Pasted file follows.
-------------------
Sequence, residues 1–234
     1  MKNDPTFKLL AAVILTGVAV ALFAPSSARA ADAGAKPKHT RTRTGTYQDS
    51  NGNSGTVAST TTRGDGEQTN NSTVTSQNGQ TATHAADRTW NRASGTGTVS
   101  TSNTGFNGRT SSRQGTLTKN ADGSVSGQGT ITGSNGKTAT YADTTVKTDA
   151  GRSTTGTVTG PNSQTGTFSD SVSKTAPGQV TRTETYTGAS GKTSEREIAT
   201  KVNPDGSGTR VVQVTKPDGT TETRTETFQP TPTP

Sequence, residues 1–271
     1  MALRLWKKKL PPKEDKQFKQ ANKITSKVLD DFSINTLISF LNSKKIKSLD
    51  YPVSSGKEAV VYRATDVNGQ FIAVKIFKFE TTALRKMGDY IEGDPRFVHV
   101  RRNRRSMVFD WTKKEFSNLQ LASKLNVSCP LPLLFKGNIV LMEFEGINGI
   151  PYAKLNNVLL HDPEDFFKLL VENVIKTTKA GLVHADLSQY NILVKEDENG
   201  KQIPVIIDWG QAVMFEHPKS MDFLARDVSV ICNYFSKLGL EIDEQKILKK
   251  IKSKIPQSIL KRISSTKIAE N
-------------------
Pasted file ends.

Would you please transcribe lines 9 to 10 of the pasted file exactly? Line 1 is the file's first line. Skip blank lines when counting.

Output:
    51  YPVSSGKEAV VYRATDVNGQ FIAVKIFKFE TTALRKMGDY IEGDPRFVHV
   101  RRNRRSMVFD WTKKEFSNLQ LASKLNVSCP LPLLFKGNIV LMEFEGINGI